“It was something I needed to come to terms with. I’ll always have this baseline condition, but if I’m not handling these other stressors that are triggers, this isn’t going to get better, it’s going to get worse. That was a reality check for me,” she said. “You have this physical condition and when you add stress and anxiety on top of that, it starts to spin out of control. It gets so big no amount of medication or treatment is going to get you back.”
She acknowledges she doesn’t have it all under control, but her monthly appointments with Dr. Montero help guide her through the worst of it.
Two or three years ago, when she was suffering the worst of her symptoms, she said she would wake up every morning feeling physically terrible and mentally exhausted. Hopeless even.
“Even though I still wake up physically exhausted, I feel more ready to take on the world,” she said. “It’s hard to believe that 10 years ago I was a very competitive athlete on the national level.”
Life has changed, but now Dobbs pours her energy into the young swimmers she coaches as part of the USA Swimming club Giant Aquatics.
“It’s my outlet,” she said. It helps her forget about everything else.
The other distraction she and her husband live for is Disney World. They are Disney Vacation Club members, visiting the parks and resorts a few times a year. “It’s a chance to get away from the real world. It’s a magical place.”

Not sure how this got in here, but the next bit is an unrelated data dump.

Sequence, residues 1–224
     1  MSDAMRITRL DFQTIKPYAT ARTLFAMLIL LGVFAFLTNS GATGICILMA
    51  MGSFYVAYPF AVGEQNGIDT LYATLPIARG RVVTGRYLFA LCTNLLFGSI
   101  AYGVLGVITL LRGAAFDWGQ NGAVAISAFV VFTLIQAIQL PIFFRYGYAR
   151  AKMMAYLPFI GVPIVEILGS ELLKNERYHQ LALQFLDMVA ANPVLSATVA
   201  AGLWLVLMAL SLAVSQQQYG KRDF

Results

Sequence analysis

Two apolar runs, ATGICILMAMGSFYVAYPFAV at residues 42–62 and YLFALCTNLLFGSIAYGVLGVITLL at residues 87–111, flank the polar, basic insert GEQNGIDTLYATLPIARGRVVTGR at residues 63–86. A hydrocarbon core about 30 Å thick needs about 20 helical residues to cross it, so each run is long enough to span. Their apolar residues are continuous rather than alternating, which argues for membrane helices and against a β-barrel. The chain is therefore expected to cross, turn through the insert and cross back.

They even named their Miniature Australian Shepherd pup Oswald (Ozzie) for Walt Disney’s Oswald the Lucky Rabbit cartoon character, which dates back to the 1920s.
REDUCING THE STIGMA
Dobbs agreed to share her deeply personal story because she hopes to encourage others in similar situations to reach out for help.
“Not every mental health professional is trying to pin you with a ‘crazy’ label. They’re really trying to help you. You can put your faith in them. Dr. Montero deserves to know that’s how I feel about this. She’s been that amazing to me and my journey.”
For her part, Dr. Montero said she is honored when people allow her to come into their lives at such a vulnerable moment. For psychotherapy to be successful, patients have to lean in and engage during treatment, she said.
“As much as I wish I could wave a magic wand and help people feel better, it’s more like dancing. You have to lean in toward one another and teach them steps so they can learn how to do the healing increasingly independently.”
When patients arrive already discouraged, it takes a lot more effort to move forward, she said. “But if they’re open and can lean in with me, I never cease to be amazed at the resilience of the human spirit and the human body.”
– By Maureen Gilmer, IU Health senior journalist